Print Girl Makes a Major Change

Written By: Kim - Feb• 16•11

I cut my publishing teeth before desktop publishing existed. I know how to use a typesetting machine, pica pole, Xacto knife and a wax machine. Anyone not in the publishing business or under 40 can Google those terms. At my college newspaper, Troy State Tropolitan, we had one Mac computer my senior year. It eventually changed the way we did business — for the better.

I have been extremely loyal to the newspapers I read; faithfully renewing my subscriptions and filling my head with the latest news. I resisted the trend of getting all of my news online. I still liked curling up on the couch over the weekend to read the paper.

© Kriss Kzhurlatowski via stock.xchng

Many newspapers offer a free digital subscription with a print subscription. Because I own an iPad, it is extremely convenient (and doesn’t weigh much) for me to simply carry my iPad with me to work, download the newspaper’s app, log in and read the news. It’s a great way for me to use my time while I ride the commuter train. I often find stories I wish to share on Twitter or LinkedIn, which means if I read the hard copy newspaper, I have to log in online to send it along. This week, I decided this was inefficient — basically touching the same news story twice in order — to share the information.

So began my quick emails to The Washington Post, The Wall Street Journal and The Washington Times. My fourth paper is local and doesn’t require a log in to read it online. Yes, I still maintain a home delivery because I believe in supporting community newspapers.

The only newspaper that responded with the answer I was looking for was The Washington Times who converted my annual subscription over to digital only (which costs less than the printed version). Both the Post and the Journal gave me the standard: “We are sorry that you want to cancel your subscription, blah, blah, blah.”

I never said I wanted to cancel my subscription. I was simply asking to no longer receive the paper version because I wanted to get my news online only. Don’t people read their emails? Why hasn’t your approach to customer service changed with the times?

This is 2011: the laptop, smart phones and now tablets have revolutionized the way we consume content. Why hasn’t your policy/offer/database/customer service approach changed as well? What in the heck are you waiting for?

So after two more emails to both the Post and the Journal, the Post did offer me a digital-only subscription called e-replica. The Journal still will deliver my paper edition unless I want to cancel my subscription.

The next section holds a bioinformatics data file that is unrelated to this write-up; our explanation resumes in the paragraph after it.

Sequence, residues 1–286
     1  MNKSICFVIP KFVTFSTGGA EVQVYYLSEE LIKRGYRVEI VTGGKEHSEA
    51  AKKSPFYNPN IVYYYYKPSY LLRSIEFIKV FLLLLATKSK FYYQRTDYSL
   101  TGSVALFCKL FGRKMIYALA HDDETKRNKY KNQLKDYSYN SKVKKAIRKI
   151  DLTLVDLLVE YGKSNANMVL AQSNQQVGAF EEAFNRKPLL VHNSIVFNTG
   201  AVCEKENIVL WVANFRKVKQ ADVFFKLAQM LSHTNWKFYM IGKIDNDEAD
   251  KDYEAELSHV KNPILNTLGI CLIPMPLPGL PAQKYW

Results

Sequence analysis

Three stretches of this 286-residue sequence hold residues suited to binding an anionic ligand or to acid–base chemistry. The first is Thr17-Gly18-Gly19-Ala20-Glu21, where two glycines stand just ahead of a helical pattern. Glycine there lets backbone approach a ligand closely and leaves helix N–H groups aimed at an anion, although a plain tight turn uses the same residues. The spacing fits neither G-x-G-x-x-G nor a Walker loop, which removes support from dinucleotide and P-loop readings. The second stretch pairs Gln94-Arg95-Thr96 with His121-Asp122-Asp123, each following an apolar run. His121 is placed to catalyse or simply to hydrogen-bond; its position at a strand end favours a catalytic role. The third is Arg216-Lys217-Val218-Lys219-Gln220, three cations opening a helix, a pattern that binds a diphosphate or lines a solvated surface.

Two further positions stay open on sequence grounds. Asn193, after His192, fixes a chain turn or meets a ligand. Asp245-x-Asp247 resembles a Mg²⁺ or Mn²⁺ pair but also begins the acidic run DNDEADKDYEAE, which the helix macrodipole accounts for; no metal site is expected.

Good thing I use newspapers in my garden.

Lawyers, Cops, Firemen and Doctors: How Did I End Up Here?

Written By: Kim - Feb• 12•11

I have always been fascinated with television shows about lawyers, police officers and medical/emergency personnel. Years before anyone coined the phrase “reality television” shows like “LA Law,” “Hill Street Blues,” “CHiPs,” M*A*S*H and “St. Elsewhere”, “China Beach” were shows I grew up watching. ER was the last medical drama I watched until “Grey’s Anatomy” was launched. Once ER’s Dr. Mark Greene died of brain cancer and I bawled like a baby, I just couldn’t and didn’t want to watch the show anymore.

My current television DVR list includes “The Good Wife,” “Private Practice” and now “The Chicago Code.” The only show I can recall watching recently about the publishing industry was “Ugly Betty.” Other than the Dad on “Eight is Enough” who served as a newspaperman and “Lou Grant ” from the 1980s and 1970s respectively, I do not know of any other shows centered around the publishing business. I get it. We’re just not as exciting. We don’t make the news; we cover it.

You would think that my interest in these types of television shows would have steered me toward a different career path. What keeps me interested in good television shows is not what the characters do for a living, but how the characters interact; what they say; the decisions they make. The writer determines what the characters say. Therein lies my passion and true calling.

When I look back, the signs were there that I would end up in the communications or publishing world: asking my Mom for and pointing to books when I rode in the shopping cart as a toddler; taped conversations to my Dad while he served in Vietnam; long love letters to my parents as I left for college; sentimental or funny cards for special occasions — I only pick out the ones that really speak to me.

© Tey Teyoo via stock.xchng

Becoming a wordsmith was bound to happen. I just didn’t see it at first: I wanted to be a doctor. But the chemistry, biology and calculus classes left me realizing that I could not take three more years of these kinds of courses plus medical school. Since I was working part-time retail through college, I thought perhaps a business degree would fit nicely in to my life plans. I took one accounting class. Enough said. The spring of my sophomore year, I took a speech communications class. Loved it and the professor encouraged me to consider a journalism degree. I had finally found a degree that would lead me down a career path.

Despite the fact that I was making half of what the marketing degree graduates were and regardless of the ups and downs of the publishing industry; I have never regretted my choice. I have met amazing people along the way and learned their stories. I then told those stories to you. How many folks out there can say that?

Publishing professionals were the first social networkers — we just didn’t call it that.